The second book of my Alpine Grove series, Fuzzy Logic, includes a scene of dog washing gone horribly wrong.
I’m happy to report that I have never ended up standing in the back yard naked looking for a soapy dog. But I have had many adventures in dog washing.
One thing I’ve noticed is that different dogs have different views and approaches to dog washing. Here is a list of approaches my dogs have taken toward bath time.
1. Be huge
My dog Leto was a Great Pyrenees mix. Although he wasn’t a big as those 120-pound purebreds, he was still a good-sized dog. The downstairs shower where I wash the dogs is what the home improvement stores call a “shower stall.” In other words, it’s small. Much smaller than Leto. Washing all sides of the big dog was a challenge. Eventually, he’d decide to lie down in the tiny space. Getting 80 pounds of soggy dog off the floor of a 32×32 shower stall when the dog isn’t cooperating isn’t easy. It’s how Leto earned the nickname of “The Immovable Object.”
2. Be short
I use a hand-held sprayer to wash my dogs. This approach works well, except when the dog is too short for the sprayer to reach. Fiona is a Samoyed, which means she has ultra fur. Because she’s a double-coated dog, it takes ages to wash and rinse her. And if the sprayer doesn’t quite reach the underside, you end up with a two-toned dog.
3. Be still
My dog Tika was the inspiration for Tessa the extremely hyperactive spaz dog in Chez Stinky, the first of my Alpine Grove novels. Tika was a force of nature; she was constantly in motion. Yet oddly enough, she was the easiest dog for me to wash. When the water touched her delicate retriever body, she became a statue. Dogs that don’t move are easy to wash.
4. Be offended by cold water
Leia was the first dog we adopted after moving to Idaho. Being the first dog has its challenges. Early in my dog washing career on a hot summer day, I decided to wash Leia outside using the hose. I had done this with dogs I’d grown up with and they thought it was fun. However, Leia was definitely not amused. Maybe it’s because even in the summer, the water that comes out of a 300-foot well is really cold. In any case, she took it poorly and all subsequent baths were performed inside.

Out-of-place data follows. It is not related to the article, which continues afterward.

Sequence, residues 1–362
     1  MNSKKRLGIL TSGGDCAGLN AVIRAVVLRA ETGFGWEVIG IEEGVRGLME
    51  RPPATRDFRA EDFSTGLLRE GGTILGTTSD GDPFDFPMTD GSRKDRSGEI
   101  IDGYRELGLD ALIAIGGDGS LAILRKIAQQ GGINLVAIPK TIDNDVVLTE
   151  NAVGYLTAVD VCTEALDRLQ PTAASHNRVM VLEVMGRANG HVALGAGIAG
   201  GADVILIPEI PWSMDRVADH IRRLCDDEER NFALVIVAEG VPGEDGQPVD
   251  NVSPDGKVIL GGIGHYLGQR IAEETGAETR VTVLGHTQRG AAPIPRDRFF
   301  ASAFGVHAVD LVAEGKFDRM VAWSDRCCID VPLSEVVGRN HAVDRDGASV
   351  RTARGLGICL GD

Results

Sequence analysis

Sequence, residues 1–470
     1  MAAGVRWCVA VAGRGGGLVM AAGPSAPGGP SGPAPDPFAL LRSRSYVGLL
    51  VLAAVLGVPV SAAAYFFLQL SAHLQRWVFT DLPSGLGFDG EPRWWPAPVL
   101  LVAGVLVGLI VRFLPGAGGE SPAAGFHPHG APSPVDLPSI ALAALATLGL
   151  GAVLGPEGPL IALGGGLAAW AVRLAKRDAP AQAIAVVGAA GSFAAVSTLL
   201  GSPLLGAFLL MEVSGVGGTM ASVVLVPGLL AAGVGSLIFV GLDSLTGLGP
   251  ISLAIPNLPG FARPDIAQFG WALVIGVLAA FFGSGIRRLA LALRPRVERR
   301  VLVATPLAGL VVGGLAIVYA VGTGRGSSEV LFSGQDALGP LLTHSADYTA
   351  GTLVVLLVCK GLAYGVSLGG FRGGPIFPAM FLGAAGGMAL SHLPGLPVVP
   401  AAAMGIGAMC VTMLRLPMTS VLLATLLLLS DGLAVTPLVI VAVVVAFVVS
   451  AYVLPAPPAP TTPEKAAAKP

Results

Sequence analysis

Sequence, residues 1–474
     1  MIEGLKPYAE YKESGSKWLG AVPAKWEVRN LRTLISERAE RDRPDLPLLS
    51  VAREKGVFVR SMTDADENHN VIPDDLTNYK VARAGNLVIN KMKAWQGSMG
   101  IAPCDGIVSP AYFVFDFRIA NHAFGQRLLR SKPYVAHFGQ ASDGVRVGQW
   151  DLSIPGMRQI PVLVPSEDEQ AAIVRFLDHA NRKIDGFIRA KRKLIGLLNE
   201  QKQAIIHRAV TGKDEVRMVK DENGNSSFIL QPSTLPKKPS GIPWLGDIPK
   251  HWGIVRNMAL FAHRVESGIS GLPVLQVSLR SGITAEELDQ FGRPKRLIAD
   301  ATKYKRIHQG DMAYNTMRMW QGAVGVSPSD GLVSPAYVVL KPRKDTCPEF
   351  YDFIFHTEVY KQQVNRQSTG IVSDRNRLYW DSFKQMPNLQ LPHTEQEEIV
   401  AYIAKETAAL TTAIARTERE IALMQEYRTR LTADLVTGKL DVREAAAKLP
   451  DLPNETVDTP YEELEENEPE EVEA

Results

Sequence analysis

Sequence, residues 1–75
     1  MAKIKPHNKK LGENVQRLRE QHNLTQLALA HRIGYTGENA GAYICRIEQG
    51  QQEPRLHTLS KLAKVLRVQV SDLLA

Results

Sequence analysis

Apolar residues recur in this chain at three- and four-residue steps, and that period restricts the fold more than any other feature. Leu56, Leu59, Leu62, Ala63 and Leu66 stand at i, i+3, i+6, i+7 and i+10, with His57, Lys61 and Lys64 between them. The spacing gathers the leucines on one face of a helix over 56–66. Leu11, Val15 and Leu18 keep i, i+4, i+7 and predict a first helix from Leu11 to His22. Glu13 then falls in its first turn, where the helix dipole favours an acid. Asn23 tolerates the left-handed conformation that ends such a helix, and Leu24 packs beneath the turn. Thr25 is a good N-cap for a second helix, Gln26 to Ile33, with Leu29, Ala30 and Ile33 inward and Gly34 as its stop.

5. Embrace toweling off
After bathing comes drying. For most of my dogs, the best part of being washed is the toweling-off process. Cami in particular loved to push her nose into the towel and get into the rubbing and shaking.
6. Never, ever learn the shake command
For years, I have read how “easy” it is to teach your dogs to shake on command. So far, I have a zero out of six record of teaching any dog to shake. Whether it’s after a bath or a rainstorm, no dog of mine has ever “gotten” what it means to shake water off, no matter how enthusiastically I praise them for a fine shake. So instead of shaking off copious quantities of excess water in the shower, all dogs wait until they are outside the evil confines of the shower stall and shake all over the bathroom. If you ever encounter a fine patina of dog hair on bathroom walls, now you know why.
7. Pout profusely
Of course, after every bath, it’s necessary to pout, sulk and generally look unhappy. Drying is hard work when you’re covered with fur. Sulking is more fun when you repeatedly attempt to rub your body on everything. Of course, then comes the unfortunate reality that post-bath brushing is inevitable once you’re dry. Be prepared.